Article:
Here's Who Wins If The NFL Shuts Down


The latest supposed deadline for the NFL labor talks is Friday, but the real deadline is not until late summer when the players are supposed to start getting paid and the networks have to start contemplating life without football.

So if the NFL endures a work stoppage here for a while as expected, few expect the league to actually miss any games, there is just too much of a gravy train to knock it off the tracks, and both sides know it.  If the work stoppage did somehow cut into the schedule, I’d expect the league to just push back the season and post-season a few weeks and play a full campaign.

The networks will still sell their NFL packages as usual and marketers if they are smart will still buy, because the NFL is the one thing you don’t want to get left out of, and there is no way the season is not going to get played.  Period.  Clip and save it.  Won’t happen.

But if the work stoppage does postpone or knock out some football, there are a few outfits that actually would benefit from no NFL.  Here are some of them:


Football fans aren’t going to stop watching football, so they will audible to the next best level of football.  Sorry UFL, that’s called college football.  Look for ratings to see a nice bump at the NCAA level.  It also leads to the question of whether some college games would shift to Sundays to fill the gap. My guess is a couple mid majors and maybe some bigger ones will to try it to take advantage, but logistics make it pretty tough to do that considering the NFL could come back at any minute.


Yes, the Emmys.  Three out of four years on a Sunday night, the TV kudo-fest has to go up against NBC’s Sunday Night Football, and that’s no easy task for ratings.  And in the fourth year of the cycle, like last year, when NBC has the show it pushes it much earlier so it takes place before SNF kicks off for the season.  So not having a Sunday Night Football contest to go up against this fall might not be a bad thing for the Emmys.  As long as they don’t hire James Franco to host.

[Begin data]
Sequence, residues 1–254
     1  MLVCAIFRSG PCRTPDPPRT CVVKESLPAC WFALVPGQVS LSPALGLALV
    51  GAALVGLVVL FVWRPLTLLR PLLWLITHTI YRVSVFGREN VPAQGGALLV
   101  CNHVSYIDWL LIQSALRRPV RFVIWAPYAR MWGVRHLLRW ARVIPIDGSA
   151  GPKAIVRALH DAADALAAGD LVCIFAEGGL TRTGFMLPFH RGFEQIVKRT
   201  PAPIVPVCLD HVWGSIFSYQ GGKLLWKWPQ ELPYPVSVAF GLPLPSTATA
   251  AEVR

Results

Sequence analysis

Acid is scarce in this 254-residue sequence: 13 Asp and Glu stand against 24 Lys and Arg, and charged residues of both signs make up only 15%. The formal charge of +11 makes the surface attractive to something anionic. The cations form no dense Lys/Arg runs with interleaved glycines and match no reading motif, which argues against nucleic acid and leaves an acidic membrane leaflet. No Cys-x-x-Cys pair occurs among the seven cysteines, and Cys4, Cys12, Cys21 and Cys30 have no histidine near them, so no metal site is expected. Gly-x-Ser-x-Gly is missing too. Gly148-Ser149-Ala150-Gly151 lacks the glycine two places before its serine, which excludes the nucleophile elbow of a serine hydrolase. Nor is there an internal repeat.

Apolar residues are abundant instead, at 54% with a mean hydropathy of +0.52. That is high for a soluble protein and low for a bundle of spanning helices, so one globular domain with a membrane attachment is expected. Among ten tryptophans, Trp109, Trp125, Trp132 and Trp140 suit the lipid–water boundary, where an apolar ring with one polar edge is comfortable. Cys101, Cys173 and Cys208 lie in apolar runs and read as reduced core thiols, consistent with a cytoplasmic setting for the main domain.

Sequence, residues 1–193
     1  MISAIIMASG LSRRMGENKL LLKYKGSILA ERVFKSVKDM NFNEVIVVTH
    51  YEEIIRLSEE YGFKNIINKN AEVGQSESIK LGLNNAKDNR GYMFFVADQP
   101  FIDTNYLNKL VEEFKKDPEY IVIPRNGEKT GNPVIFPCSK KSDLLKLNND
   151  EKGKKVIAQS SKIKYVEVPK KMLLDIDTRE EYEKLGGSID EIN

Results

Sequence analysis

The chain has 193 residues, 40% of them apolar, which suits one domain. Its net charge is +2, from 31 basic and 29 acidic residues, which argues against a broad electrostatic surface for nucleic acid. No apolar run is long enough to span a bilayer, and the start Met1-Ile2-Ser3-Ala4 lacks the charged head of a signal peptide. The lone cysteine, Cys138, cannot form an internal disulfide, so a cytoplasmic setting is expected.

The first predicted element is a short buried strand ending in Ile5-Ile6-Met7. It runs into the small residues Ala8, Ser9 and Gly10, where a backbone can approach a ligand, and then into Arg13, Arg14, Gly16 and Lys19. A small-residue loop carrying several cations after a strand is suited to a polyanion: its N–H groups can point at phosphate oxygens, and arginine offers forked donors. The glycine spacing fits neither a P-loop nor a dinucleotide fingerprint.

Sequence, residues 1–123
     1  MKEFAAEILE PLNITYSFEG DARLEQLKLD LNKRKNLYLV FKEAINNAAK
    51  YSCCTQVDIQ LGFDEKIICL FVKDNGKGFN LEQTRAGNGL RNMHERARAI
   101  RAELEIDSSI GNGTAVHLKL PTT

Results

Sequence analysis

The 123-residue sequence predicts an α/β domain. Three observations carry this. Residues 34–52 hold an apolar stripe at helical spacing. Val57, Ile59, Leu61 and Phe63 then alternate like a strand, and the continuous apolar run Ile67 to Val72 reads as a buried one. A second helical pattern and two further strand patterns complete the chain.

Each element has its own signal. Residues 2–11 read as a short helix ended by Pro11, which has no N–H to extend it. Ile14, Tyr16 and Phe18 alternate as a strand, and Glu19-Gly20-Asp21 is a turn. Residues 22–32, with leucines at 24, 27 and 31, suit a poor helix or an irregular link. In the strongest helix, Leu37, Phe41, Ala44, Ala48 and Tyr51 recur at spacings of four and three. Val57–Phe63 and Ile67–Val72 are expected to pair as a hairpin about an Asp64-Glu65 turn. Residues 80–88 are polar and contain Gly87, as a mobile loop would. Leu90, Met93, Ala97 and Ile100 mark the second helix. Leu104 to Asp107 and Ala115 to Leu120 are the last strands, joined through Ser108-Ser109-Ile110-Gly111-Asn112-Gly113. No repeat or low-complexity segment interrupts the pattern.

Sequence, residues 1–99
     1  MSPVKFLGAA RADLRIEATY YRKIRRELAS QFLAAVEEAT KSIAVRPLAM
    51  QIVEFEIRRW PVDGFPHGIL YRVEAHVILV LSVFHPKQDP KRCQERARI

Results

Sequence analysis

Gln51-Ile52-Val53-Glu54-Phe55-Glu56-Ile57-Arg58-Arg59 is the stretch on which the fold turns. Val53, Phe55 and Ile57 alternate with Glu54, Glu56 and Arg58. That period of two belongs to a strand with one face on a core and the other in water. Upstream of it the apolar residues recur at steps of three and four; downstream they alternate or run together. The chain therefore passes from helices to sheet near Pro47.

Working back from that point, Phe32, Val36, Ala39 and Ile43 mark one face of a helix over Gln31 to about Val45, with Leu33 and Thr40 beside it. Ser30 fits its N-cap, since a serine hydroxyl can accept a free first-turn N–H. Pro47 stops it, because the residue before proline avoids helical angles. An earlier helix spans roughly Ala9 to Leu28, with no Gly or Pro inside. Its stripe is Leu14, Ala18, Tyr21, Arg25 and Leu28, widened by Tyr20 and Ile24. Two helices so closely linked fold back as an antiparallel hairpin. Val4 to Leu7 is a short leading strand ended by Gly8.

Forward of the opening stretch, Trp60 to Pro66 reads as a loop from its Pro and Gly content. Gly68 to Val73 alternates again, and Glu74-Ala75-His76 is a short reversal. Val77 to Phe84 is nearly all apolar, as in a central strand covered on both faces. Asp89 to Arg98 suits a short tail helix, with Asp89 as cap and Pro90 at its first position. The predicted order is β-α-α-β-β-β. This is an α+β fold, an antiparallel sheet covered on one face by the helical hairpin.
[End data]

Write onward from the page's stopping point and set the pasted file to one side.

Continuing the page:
People are tuning in a lot more than last year to see cars turn left for a couple hours on Fox, and that’s a good thing if you are a fan of the sport like I am.  However, I haven’t talked to a single person – including in the sports TV biz – that can tell me why this is happening.  I have no clue either why the ratings dips of recent years have seen an early turnaround.  Not that much has changed – no one is winning every single race, the races are still a bit too long, and Dale Junior still would need a pretty good GPS system to find Victory Lane in a race that matters.  Whatever the case, as NASCAR drives to its late season, not having the NFL can’t be a bad thing.

4) MLB

Same as NASCAR, MLB national ratings haven’t been hitting homers lately, so a little less competition might not be a bad thing.  And the Yankees getting that train wreck of a pitching staff in order might not hurt either.  Though if they don’t, I won’t cry a single tear, I’ll just sit back and wait for Cameron Diaz to feed me some popcorn on national TV.


After last year’s debacle in which the team and the stadium held a competition to see who could stage the most impressive collapse, we could all use a year off.